74: Wins over the last three seasons by Lansing Sexton, tied for sixth-most in MHSAA history for a boys basketball team over that span of time.

19: Number of games, to one win, that Southfield Christian lost two seasons ago. The Eagles improved to 11-10 last season before going 24-2 and winning the Class D championship last month.

3: Runner-up finishes by Flint Beecher before beating St. Francis to win its first MHSAA championship since 1987. Those just-misses came in 2008, 2003 and in Class B in 2000.

11: Points scored by Saginaw, in a row, to close out the Class A championship game. The Trojans rode that final 11-0 run to a 54-42 win over Rockford.


“They have a big influence in my life. Coach Thomas with all the help he has done for me this season; I could call him any time and get advice. And the same thing with Coach Dawkins. We’re brothers. It’s all about love and having that relationship. He texts me at night and lets me know how things are going, and I text him and ask him for advice about things. I was really appreciative of their support.” – Saginaw first-year coach Julian Taylor, on former championship-winning Saginaw coaches Marshall Thomas and Lou Dawkins, who sat behind the Trojans’ bench at Breslin during the Final

“Denzel is every father’s dream. Both my sons, Drew and Denzel. I’ve been very lucky to be able to coach both my sons and for them to enjoy the thing that I love most, basketball. Denzel’s been incredible. He’s done everything we’ve asked of him. His freshman year he had two knee surgeries. The doctor had to put his knee back together. He didn’t know if he was even going to play again, and he fought through some difficult struggles with his knee. We talked about adversity and different things. When he was being recruited by Michigan State, coach (Tom) Izzo said, ‘I’m not going offer you, because you can’t shoot it. You can do everything else.’ So Denzel, when he got done, he went to the gym and shot 500 shots. … That’s the kind of guy Denzel is. He’s going to do extra. I’m really proud of him. I love him. He’s my son, and for the people who doubted him and watched him play, I feel bad for them, because they just missed a fine, fine high school basketball player.” – Sexton coach Carlton Valentine on his son, senior Denzel Valentine.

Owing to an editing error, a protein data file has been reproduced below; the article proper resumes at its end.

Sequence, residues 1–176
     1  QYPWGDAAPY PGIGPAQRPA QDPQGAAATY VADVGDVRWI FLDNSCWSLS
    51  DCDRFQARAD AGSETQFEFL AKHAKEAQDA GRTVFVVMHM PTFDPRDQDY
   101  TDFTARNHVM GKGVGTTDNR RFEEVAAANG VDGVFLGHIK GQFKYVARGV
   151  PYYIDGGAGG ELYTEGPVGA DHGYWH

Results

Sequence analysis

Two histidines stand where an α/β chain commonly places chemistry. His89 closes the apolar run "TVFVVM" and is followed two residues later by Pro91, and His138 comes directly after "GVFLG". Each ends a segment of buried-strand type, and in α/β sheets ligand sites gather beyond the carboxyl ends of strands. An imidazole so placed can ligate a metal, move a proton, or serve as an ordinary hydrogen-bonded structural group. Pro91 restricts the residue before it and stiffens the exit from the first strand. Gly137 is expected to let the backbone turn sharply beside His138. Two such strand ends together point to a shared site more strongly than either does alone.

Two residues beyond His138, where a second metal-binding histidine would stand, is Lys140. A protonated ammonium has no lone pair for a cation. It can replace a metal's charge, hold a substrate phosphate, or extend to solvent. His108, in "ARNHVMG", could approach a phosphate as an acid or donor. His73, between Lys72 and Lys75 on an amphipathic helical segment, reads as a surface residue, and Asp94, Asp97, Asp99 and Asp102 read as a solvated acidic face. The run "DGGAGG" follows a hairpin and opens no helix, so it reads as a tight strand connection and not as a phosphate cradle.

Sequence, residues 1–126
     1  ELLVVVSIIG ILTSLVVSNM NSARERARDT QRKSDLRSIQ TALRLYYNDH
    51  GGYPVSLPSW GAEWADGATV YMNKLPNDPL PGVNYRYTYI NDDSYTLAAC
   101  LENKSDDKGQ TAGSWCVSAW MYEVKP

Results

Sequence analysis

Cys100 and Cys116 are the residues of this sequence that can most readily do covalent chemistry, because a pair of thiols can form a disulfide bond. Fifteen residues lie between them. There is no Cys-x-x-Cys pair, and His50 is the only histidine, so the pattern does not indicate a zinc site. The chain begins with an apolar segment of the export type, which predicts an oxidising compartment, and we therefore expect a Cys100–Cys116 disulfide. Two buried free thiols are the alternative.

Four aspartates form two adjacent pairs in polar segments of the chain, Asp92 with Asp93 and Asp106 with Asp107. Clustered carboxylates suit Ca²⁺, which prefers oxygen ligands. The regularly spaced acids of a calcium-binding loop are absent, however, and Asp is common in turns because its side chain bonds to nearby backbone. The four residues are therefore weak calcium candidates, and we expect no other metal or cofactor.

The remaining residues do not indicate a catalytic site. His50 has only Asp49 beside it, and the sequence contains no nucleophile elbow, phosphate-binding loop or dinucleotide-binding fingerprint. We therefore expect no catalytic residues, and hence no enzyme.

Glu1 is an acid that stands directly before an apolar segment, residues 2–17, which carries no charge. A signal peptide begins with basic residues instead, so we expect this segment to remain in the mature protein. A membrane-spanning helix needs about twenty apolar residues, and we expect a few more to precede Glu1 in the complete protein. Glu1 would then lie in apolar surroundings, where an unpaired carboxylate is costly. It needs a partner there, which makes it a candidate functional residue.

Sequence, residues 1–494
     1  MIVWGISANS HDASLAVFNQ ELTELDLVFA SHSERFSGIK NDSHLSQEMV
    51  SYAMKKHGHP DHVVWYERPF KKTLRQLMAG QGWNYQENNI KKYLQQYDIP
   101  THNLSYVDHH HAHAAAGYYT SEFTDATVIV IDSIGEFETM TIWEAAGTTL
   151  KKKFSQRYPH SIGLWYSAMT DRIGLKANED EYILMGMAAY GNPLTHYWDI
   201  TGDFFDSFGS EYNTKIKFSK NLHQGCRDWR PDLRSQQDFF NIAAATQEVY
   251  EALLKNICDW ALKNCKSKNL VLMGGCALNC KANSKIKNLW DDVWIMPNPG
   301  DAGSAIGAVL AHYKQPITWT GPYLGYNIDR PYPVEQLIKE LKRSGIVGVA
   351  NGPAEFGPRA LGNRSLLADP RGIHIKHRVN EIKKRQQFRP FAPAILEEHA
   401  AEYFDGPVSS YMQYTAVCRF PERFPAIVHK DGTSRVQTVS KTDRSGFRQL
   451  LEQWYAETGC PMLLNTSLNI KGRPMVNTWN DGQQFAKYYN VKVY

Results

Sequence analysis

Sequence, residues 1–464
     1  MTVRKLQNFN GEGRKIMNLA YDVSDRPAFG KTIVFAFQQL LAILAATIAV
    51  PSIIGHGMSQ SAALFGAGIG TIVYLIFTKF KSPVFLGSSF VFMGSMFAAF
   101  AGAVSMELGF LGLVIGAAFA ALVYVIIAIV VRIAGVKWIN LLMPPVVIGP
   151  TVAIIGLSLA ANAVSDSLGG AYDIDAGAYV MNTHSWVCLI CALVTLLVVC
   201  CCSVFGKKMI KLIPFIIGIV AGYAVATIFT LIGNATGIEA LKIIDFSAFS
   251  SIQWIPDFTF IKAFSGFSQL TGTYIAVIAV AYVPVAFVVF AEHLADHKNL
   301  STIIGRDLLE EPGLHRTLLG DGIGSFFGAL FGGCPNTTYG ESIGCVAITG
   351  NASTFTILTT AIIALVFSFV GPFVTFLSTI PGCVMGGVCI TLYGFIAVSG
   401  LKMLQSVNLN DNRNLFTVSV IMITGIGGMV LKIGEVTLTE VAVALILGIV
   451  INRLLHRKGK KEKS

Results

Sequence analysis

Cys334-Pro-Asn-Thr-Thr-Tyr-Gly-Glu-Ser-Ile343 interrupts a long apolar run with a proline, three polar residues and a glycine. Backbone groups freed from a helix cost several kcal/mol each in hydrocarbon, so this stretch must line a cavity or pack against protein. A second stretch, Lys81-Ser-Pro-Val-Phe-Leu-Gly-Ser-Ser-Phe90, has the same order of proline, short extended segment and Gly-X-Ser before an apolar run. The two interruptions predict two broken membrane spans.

“It was worth it. We’ve been putting in work all year, the offseason, way before the season; we didn’t just wait for the season to prepare for it. So it was worth a lot. We put a lot into this. And we appreciate this, and not just us, the whole community, the whole coaching staff. We made a lot of sacrifices to get here and finish the job. It’s just a blessing.” – Beecher senior Cortez Robinson, on coming back to win a title after losing in the Semifinals the last two seasons.